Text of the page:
You may know someone who, after passing through COVID-19, forget certain things, get a headache, or haven’t fully regained your sense of smell yet, These symptoms include within the occurrence brain fog In which a part of the population has been hit by the epidemic. If it persists over time, its effects can be harmful.
nervous system sufferers
Although infection with the SARS-CoV-2 coronavirus Mainly affects the respiratory systemMost patients suffering from COVID-19 show neurological symptoms as a loss Loss of smell, headache, sleep disorders and memory loss.
On the other hand, several studies indicate that patients with neurodegenerative disorders such as Alzheimer’s disease are more Suffering from a more serious illness.
Taken together, these signs are a clear indicator that the virus is affecting the nervous system as well. It is therefore more important to study what the long-term effects and consequences of this disease may be in the brain.
Trojan Horse and Nervous Highway
But how does SARS-CoV-2 reach the brain? Direct access to this organ is not easy as it is surrounded by a true wall of blood vessels known as the blood-brain barrier. Despite this, SARS-CoV-2 is able to circumvent this protection by various mechanisms.
To start, you can Send signals that cause the blood-brain barrier to modify. In addition, it is able to enter our own cells And use them as a vehicle to sneak into the brain. Tactics is a true Trojan horse, because pathogen is to conceal something recognizable by our body to be able to cross obstacles which would otherwise be inaccessible.
eventually, SARS-CoV-2 can also travel through neurons, which are distributed throughout our body forming a network of nerves. The virus is able to reach a neuronal extension and move through them as if they were a highway that ends in the brain. Right in the nose, the site of virus entry and infection is the olfactory nerve, which may be a direct entry to the brain.
The COVID-19 virus can indirectly affect the brain as well. It occurs when our immune system reacts to the presence of foreign microorganisms by releasing molecules called cytokines. These molecules act as a call signal and trigger an inflammatory response in the tissue where they are located.
This response is, in theory, beneficial, as it manages to attract various army cells that will fight the infection. Even then, If this persists over time, it can lead to a chronic inflammatory condition that can be very dangerous. and compromise the functions of various organs, including the brain.
,In the case of SARS-CoV-2, its ability to induce a generalized inflammatory state in our bodies may facilitate the progression of neurodegenerative diseases.,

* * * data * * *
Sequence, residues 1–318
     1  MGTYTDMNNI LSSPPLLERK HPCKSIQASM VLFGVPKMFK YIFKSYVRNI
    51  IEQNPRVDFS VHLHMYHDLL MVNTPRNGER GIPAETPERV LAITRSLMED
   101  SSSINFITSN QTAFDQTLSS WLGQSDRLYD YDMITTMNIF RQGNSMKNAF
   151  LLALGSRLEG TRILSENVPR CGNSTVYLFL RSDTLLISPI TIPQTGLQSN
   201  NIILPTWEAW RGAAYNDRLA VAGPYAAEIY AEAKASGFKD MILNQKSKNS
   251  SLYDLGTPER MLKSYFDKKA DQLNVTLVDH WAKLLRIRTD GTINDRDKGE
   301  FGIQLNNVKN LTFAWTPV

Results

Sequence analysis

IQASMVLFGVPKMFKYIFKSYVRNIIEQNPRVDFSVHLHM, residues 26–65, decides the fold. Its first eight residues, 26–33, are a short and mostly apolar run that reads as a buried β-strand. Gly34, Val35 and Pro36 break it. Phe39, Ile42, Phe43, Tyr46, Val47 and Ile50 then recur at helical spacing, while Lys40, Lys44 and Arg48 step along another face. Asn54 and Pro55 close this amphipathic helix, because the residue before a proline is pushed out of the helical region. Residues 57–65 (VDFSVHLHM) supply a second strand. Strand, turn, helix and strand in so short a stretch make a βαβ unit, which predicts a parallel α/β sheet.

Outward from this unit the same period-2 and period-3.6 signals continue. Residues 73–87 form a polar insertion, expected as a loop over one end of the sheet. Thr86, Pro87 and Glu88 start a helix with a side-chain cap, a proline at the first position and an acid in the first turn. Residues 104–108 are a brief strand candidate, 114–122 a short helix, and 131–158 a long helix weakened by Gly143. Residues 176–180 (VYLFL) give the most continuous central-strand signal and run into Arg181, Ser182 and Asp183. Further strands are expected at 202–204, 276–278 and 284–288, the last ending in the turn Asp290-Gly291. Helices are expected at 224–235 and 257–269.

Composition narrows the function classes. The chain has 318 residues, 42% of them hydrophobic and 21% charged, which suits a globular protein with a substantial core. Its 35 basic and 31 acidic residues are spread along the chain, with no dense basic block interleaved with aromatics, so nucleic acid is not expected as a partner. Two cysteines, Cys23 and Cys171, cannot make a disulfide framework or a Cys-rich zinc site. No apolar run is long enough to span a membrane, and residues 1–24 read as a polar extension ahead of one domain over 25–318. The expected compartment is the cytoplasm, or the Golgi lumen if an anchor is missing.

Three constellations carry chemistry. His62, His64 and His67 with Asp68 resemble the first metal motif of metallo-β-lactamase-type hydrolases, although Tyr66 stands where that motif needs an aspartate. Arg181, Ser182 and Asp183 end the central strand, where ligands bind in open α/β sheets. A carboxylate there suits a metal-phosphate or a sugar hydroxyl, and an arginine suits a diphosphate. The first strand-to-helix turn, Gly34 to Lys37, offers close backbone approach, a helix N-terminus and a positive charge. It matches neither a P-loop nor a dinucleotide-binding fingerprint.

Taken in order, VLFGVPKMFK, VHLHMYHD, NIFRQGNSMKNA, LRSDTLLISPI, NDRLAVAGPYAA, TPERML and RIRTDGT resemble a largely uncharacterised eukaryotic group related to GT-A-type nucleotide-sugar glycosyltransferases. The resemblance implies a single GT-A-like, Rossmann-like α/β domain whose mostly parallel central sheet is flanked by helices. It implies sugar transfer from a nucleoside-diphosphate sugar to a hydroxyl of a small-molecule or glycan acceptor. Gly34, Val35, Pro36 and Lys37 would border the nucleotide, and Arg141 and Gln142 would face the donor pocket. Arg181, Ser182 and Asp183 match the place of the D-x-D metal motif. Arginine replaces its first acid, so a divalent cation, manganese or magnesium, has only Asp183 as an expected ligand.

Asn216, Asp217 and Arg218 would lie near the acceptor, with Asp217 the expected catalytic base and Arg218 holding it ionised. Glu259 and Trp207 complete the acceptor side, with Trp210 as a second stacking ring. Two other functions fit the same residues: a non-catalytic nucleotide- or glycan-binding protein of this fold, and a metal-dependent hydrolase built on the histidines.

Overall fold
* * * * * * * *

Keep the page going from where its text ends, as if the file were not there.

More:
In individuals with diseases associated with fine aging, this state of chronic inflammation is prevalent. In particular, Alzheimer’s patients are known to suffer from neuroinflammation. This means that your brain’s immune system is activated continuously and over time, causing damage to structures and more neuronal death and neurodegeneration.
Can COVID-19 Cause Alzheimer’s?
Now, then, what is the link between neurodegenerative processes and COVID-19? The relationship between viral infection and neurodegeneration has long been known, and as might be inferred, the point at which the two pathologies converge is inflammation.
In the case of SARS-CoV-2, its ability to induce a generalized inflammatory state in our bodies may facilitate the progression of neurodegenerative diseases. Furthermore, the cytokine storm that is generated as a rapid defense mechanism is able to control physiological parameters. For example, an imbalance in iron levels increases the number of oxidizing molecules in neurons that worsen the damage. This leads to more neuronal death and more neurodegeneration.
In favor of this theory, some studies suggest that Patients with COVID-19 present neuronal loss in the same areas of the brain as damage in Alzheimer’s disease, In addition, biomarkers of neurodegeneration are increased in many patients hospitalized for COVID-19.
it’s clear that SARS-CoV-2 has a more profound effect on the brains of patients than was initially thought. A better understanding of the interaction of this virus with the central nervous system could prevent the development of neurodegenerative diseases such as Alzheimer’s worldwide and for some time without treatment.
Juana Andreo López, FPI researcher. Researchers at the Center for Networked Biomedical Research in Neurodegenerative Diseases (CIBERNED) and the Malaga Biomedical Research Institute (IBIMA), University of Malaga, David Bagliato Vargas, Beatriz Galindo Senior Distinguished Researcher. Researchers at the Center for Networked Biomedical Research in Neurodegenerative Diseases (CIBERNED) and the Malaga Biomedical Research Institute (IBIMA), University of Malaga and Miriam Bettinetti Luc, predoctoral researcher at the Center for Network Biomedical Research in Neurodegenerative Disease (CIBERNED) and the Malaga Biomedical Research Institute (IBIMA), University of Malaga. This article was originally published on The Conversation. Here you can read the original.